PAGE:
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UCLA to offer new undergrad degree in computer engineering in the fall

The computer science and electrical engineering departments will jointly offer the new Bachelor of Science degree in computer engineering. (Derek Yan/Daily Bruin)

By Stephen Liu

Aug. 13, 2017 10:52 p.m.

The UCLA Henry Samueli School of Engineering and Applied Science has built a new undergraduate degree out of electrical engineering and computer science.

The electrical engineering and computer science departments will together oversee a new degree called computer engineering beginning in the fall. First- and second-year students in the two departments and undeclared engineering students can switch to the new major.

Puneet Gupta, an associate professor of electrical engineering, said computer engineers use their knowledge of hardware from electrical engineering and software from computer science to build useful systems. For example, a phone is a system composed of a silicon chip, a display, other physical parts and programming code – components that are not useful individually, he said.

Gupta added UCLA has had programs similar to the computer engineering major. The computer science department offers a computer science and engineering degree, and the electrical engineering department used to have a computer engineering pathway.

“We knew that there were some holes in the undergraduate curriculum which have neither been covered by courses in computer science nor in electrical engineering,” Gupta said. “Instead of these sporadic, half-baked efforts, computer engineering needs to be a first-order degree.”

Richard Korf, a professor and the vice chair of the undergraduate program in computer science, said about half the new major’s required courses are from one department and half are from the other.

Greg Pottie, a professor and the chair of the electrical engineering department, said the major has new electives in machine learning and embedded systems, two areas the faculty think are important in computer engineering. The major will have additional classes in the future, he added.

“Both our department and the computer science department are hiring,” Pottie said. “New professors create new courses.”

Pottie added the electrical engineering department will be renamed the electrical and computer engineering department in the fall to better reflect the faculty’s interests and expertise.

Several students said they might be interested in the new major.

Sumit Paudel, a rising third-year electrical engineering student, said he thinks computer engineering will be one of the hardest majors on campus because it combines what he considers already difficult areas of study.

Siranush Martirosyan, a rising second-year electrical engineering student, said she thinks students who like both electrical engineering and computer science and cannot choose one might like the new major.

Korf said there are now four computer-related majors – electrical engineering, computer engineering, computer science and engineering, and computer science – that will allow students to choose how much they want to study in hardware or software.

“The upside is there’s a lot of choice,” Korf said. “The downside is it’s a little confusing (because) there are four of these majors.”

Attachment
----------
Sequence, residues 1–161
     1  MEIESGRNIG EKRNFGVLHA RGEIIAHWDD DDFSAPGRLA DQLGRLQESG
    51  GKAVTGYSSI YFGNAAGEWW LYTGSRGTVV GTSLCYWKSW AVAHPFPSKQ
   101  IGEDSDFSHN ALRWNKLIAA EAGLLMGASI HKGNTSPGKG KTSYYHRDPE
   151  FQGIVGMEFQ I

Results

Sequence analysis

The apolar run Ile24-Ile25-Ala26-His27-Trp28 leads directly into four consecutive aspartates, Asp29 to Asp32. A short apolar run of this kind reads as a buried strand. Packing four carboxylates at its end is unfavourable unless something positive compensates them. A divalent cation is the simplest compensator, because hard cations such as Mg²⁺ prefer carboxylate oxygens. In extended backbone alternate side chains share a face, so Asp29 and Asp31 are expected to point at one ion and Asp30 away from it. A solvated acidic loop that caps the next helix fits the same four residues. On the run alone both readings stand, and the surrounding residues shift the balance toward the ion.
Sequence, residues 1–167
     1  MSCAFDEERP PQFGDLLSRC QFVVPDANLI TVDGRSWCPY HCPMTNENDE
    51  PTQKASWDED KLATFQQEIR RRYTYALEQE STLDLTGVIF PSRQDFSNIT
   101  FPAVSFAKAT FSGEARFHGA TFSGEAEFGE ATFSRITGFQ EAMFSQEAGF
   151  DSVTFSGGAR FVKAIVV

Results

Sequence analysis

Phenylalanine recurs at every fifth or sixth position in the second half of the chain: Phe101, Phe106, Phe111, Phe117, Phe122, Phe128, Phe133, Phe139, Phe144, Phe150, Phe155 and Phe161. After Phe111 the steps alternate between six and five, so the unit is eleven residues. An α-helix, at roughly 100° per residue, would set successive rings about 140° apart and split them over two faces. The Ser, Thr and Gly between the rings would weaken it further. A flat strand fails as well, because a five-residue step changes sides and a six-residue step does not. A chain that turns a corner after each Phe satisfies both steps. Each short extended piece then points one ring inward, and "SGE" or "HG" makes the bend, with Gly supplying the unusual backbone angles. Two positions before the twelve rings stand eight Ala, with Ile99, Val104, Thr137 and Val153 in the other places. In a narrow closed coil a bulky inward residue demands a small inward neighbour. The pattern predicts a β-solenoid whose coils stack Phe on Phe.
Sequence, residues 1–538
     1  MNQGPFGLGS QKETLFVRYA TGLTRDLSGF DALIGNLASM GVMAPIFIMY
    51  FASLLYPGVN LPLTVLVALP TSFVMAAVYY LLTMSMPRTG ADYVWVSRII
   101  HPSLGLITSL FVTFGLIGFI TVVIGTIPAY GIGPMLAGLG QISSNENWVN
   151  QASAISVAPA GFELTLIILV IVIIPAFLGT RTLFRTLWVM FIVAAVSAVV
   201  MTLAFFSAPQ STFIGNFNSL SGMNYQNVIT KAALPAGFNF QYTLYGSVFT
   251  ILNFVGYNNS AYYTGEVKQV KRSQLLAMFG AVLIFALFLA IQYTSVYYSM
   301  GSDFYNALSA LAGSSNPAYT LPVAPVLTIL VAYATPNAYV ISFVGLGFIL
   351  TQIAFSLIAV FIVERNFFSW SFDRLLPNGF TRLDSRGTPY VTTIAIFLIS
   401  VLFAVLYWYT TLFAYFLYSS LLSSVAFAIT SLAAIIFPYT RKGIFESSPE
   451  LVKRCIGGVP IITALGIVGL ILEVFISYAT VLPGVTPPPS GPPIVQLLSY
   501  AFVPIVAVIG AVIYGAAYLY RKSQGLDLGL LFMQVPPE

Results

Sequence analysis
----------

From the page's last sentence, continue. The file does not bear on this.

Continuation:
Korf added there has been increased enrollment in computer science in recent years because of job opportunities and student interest in the field. Many students, including those in electrical engineering, switch to one of the computer science majors, he said.

“I think every department feels a desire to provide their students with what it is their students want,” Korf said. “They try to maintain their student populations at a reasonable level.”

One student interested in taking more computer science classes is John Huang, a rising third-year electrical engineering student. He said many of his classmates have considered switching majors to computer science.

“I think the most important (reason computer science is popular) is it’s easier to get a job,” Huang said.

Gupta said software engineers have been in high demand because they can create a large variety of applications for a given piece of hardware.

However, he added hardware and software often need to be optimized together, and engineers cannot focus on one while ignoring the other.

Gupta said that by optimizing hardware, the same software might run 100 times faster or utilize less power, which could improve medical body-monitoring devices that require a battery.

“Computer engineering students would absolutely be learning how to design new hardware (and) how to design new software that goes along with that hardware,” Gupta said.

An example of a device with complex hardware and software a computer engineer could build is a system like Google Nest, Gupta said. Google Nest is a thermostat that processes data from temperature and humidity sensors to operate an air conditioner.

The software itself learns people’s temperature preferences and schedules so it can figure out when to turn on or off, he added. The system also requires security and privacy software because it interacts with the world by connecting to the internet.

“More and more interesting things are happening at the boundaries of these disciplines,” Gupta said. “People who understand both disciplines definitely would be at an advantage.”

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